The law of conservation of energy states that within a closed system the total amount of energy is always conserved.

Another way of this is saying this is that energy can be neither created of destroyed, it can only be converted from one form to another.

There are, however, many different forms of energy.

For mechanics problems it is useful to think about a more restricted law, which considers mechanical energy to be conserved.

Conservation of mechanical energy can be assumed whenever the forces which apply to a system are entirely conservative.

We first define an energy associated with motion, which is called Kinetic Energy. This should be a scalar quantity, it should not depend on the direction of motion, but it should depend on the mass of the moving object, a heavier object moving with a given speed should have a higher kinetic energy than one a lighter one.

$K=\frac{1}{2}mv^{2}$

The unit for energy is the joule, $1\,\mathrm{J}=1\mathrm{kg\,m^{2}s^{-2}}=1\,\mathrm{N\,m}$.

The kinetic energy will depend on the reference frame of the motion.

When certain forces act on objects it can be useful to consider the concept of potential energy. These are forces where the change in the energy of an object due to the action of that force depends only on the position on the object. We call these forces conservative forces and define a change in potential energy $U$ as

$\Delta U=U_{f}-U_{i}=-\int_{x_{i}}^{x_{f}}F_{x}dx$

for motion in one direction or more generally

$\Delta U=U_{f}-U_{i}=-\int_{r_{f}}^{r_{i}} \vec{F}\cdot d\vec{r}$

We will return to this second equation in more detail in our next class.

$\Delta U_{G}=\int_{y_{1}}^{y_{2}}mg\,dy=mg(y_{2}-y_{1})$

The change in potential energy depends only the change in height.

We've seen already that potential energy due to gravity should have the form $mg(y_{2}-y_{1})$. We can measure potential energy relative any position that makes sense to us, the most sensible place to measure from will depend on the problem. We can then say that the gravitational potential energy of an object is given by the height $h$ of that object above that reference point is $mgh$. An object below the reference point will have negative gravitational potential energy.

As we saw previously the force due to gravity on an object of mass $m$ due to an object of mass $M$ at distance $r$ is $-\frac{GmM}{r^2}\hat{r}$

If we raise an object from the surface of a planet to a distance $h$ above it the change on potential energy is

$\Delta U = \int_{R_{E}}^{R_{E}+h}\frac{GmM}{r^2}\,dr=-\frac{GmM}{R_{E}+h}+\frac{GmM}{R_{E}}$

We should consider where a suitable zero of potential energy is

Choosing $r=\infty$ as our reference position is attractive as then the potential energy change in bringing an object from infinity to a position $r$

$\Delta U = \int_{\infty}^{R}\frac{GmM}{r^2}\,dr=-\frac{GmM}{r}$

is the same as the potential energy, so generally we say the gravitational potential energy at point $r$ from the center of a mass $M$.

$U = -\frac{GmM}{r}$

Another example of a conservative force is the force provided by a spring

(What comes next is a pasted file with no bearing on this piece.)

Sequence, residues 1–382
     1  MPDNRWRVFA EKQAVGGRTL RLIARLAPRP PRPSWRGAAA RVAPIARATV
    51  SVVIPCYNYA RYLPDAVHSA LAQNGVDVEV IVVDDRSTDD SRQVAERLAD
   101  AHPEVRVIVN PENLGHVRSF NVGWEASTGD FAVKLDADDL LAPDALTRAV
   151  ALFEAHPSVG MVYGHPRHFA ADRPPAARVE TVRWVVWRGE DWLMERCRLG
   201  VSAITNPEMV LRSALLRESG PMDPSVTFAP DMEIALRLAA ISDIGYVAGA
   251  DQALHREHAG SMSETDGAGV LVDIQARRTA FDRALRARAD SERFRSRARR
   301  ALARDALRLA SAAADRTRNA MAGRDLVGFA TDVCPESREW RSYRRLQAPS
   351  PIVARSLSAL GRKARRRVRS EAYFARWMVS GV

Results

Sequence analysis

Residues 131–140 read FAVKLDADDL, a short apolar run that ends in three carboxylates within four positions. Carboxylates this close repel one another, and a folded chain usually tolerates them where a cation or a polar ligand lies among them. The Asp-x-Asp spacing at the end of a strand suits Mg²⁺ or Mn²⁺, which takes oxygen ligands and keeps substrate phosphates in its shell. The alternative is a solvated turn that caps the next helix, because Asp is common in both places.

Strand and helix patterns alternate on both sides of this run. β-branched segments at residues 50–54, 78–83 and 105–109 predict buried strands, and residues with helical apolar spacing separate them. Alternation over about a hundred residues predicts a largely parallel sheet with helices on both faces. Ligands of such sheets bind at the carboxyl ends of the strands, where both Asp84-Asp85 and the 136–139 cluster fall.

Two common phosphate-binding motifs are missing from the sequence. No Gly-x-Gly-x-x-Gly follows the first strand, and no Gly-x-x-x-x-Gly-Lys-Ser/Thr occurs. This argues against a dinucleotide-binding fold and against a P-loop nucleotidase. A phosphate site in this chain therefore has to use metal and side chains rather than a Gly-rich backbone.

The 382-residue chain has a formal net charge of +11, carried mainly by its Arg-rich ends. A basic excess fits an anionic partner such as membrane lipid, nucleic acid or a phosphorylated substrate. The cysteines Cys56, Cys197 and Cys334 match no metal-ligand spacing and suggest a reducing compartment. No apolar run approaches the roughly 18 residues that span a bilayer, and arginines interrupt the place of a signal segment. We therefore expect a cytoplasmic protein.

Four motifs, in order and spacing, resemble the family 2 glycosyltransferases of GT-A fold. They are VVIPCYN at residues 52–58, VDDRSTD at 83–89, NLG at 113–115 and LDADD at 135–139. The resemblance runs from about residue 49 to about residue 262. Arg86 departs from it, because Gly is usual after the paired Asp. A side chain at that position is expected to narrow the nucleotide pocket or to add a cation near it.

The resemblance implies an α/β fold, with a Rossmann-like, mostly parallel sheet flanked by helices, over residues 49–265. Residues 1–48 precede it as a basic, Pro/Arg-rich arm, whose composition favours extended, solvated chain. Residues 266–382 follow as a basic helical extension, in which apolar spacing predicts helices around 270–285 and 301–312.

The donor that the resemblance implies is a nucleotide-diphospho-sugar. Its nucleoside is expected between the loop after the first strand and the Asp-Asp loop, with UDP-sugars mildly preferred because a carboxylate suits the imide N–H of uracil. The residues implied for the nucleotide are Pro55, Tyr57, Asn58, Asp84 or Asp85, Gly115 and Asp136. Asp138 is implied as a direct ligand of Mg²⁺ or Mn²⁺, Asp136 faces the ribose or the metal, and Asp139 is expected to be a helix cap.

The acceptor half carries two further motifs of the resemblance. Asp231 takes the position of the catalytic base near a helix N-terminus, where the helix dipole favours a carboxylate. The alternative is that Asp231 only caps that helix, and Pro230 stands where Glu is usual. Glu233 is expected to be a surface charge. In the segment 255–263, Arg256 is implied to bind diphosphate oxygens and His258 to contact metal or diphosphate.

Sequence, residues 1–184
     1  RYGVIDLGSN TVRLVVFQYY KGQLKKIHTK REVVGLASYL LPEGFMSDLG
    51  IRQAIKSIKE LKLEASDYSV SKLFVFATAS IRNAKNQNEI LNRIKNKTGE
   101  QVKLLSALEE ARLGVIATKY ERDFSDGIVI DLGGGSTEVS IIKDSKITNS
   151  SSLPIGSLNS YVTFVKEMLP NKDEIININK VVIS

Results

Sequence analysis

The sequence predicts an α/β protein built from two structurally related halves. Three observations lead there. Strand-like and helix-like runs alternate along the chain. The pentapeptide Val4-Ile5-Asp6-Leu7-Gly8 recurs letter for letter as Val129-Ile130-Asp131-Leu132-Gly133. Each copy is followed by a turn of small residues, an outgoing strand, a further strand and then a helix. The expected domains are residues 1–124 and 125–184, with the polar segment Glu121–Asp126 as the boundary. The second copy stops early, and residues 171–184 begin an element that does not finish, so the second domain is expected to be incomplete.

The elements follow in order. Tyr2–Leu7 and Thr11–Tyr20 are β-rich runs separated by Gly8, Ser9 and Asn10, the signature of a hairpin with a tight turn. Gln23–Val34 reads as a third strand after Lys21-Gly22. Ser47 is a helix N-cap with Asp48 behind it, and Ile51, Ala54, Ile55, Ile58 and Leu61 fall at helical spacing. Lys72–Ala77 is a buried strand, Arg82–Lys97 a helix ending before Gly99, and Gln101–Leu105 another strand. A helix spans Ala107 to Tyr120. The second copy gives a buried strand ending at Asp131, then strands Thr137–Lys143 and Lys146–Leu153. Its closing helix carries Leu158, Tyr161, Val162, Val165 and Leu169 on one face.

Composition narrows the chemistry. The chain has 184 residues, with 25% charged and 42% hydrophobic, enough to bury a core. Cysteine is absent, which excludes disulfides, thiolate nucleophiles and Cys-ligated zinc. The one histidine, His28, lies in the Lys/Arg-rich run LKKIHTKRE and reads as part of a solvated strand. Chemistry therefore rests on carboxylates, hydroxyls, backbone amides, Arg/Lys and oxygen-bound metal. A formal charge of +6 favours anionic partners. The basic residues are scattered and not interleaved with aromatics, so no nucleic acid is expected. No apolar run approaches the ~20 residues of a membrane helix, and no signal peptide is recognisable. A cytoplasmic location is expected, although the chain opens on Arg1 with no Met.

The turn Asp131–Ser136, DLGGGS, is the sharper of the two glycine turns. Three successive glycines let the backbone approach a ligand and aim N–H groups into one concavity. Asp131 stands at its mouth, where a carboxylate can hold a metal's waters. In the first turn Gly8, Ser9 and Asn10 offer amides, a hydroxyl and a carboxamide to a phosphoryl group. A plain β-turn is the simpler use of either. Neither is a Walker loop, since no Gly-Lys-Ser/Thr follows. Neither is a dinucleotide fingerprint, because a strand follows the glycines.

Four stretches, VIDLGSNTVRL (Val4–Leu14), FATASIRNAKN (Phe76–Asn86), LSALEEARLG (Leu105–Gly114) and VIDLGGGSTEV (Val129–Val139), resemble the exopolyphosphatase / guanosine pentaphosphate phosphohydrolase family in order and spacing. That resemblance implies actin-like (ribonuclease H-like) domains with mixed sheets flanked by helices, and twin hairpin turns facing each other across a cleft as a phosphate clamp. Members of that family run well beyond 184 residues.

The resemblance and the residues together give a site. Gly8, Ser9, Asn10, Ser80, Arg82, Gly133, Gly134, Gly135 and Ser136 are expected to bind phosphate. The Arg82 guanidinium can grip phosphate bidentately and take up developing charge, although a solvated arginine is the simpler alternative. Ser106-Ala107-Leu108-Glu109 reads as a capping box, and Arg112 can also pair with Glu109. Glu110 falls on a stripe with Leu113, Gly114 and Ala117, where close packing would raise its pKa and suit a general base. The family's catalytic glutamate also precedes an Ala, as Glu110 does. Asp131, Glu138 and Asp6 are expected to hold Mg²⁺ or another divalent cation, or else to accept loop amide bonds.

$F_{s}=-kx$

where $x$ is the distance of the end of the spring from the equilibrium end position of the spring. The change in potential energy associated with compressing or extending a spring is

$\Delta U = -\int_{x_{i}}^{x_{f}}F_{s}\,dx=\int_{x_{i}}^{x_{f}}kx\,dx=\frac{1}{2}k(x_{f}^2-x_{i}^2)$

If only conservative forces are active within an isolated system then

$\Delta K + \Delta U = 0 $

We call the sum of the Kinetic Energy and Potential Energy the Total Mechanical Energy E

$E=K+U$

and we can see that under the condition of only conservative forces acting this is a conserved quantity.

Which track should give a ball a faster velocity at the end of the track?

A. Track A B. Track B or C. Neither, the velocity should be the same.

On which track should a ball arrive first if they are released simultaneously?

A. Track A B. Track B or C. Neither, the time taken should be the same.

We can use the conservation of mechanical energy to know that if the change in height and therefore potential energy is the same in both cases, the kinetic energy gained should be the same in both cases, and thus the velocity at the end of both tracks should be the same.

We can't, however, use this to tell the time taken, this depends on the path taken. We can understand the counter-intuitive result that the longer path takes less time based on the fact that throughout the middle section of the path the ball is always moving faster than it is on the straight path.

In reality there is a limit to how far we can bend the path and still have the ball take less time. The fastest path is the one closest to the Cycloid.

$\frac{dv}{dt}=\frac{-GM_{E}}{(R_{E}+x)^{2}}$

$\frac{dv}{dx}\frac{dx}{dt}=v\frac{dv}{dx}=\frac{-GM_{E}}{(R_{E}+x)^{2}}$

$\int^{v}_{v_{0}}v\,dv=\int^{x}_{0}\frac{-GM_{E}}{(R_{E}+x)^{2}}\,dx$

$\frac{1}{2}(v^{2}-v_{0}^2)=\frac{GM_{E}}{R_{E}+x}-\frac{GM_{E}}{R_{E}}$

$v^{2}=v_{0}^2+2(\frac{GM_{E}}{R_{E}+x}-\frac{GM_{E}}{R_{E}})$

as $x\to\infty$ the object will escape if

$0\geq v_{0}^{2}-\frac{2GM_{E}}{R_{E}}$

For the object to escape

$v_{0}\geq \sqrt{\frac{2GM_{E}}{R_{E}}}$

At the Earth's surface the total mechanical energy of a rocket is

$\frac{1}{2}mv^{2}-\frac{GmM_{E}}{R_{E}}$

The condition for escape is that at infinity the velocity equals zero (just avoids being negative). As at infinity the gravitational potential energy is equal to zero the condition for the escape velocity is

$\frac{1}{2}mv_{escape}^{2}-\frac{GmM_{E}}{R_{E}}=0$

and

$v_{escape}=\sqrt{\frac{2GM_{E}}{R_{E}}}$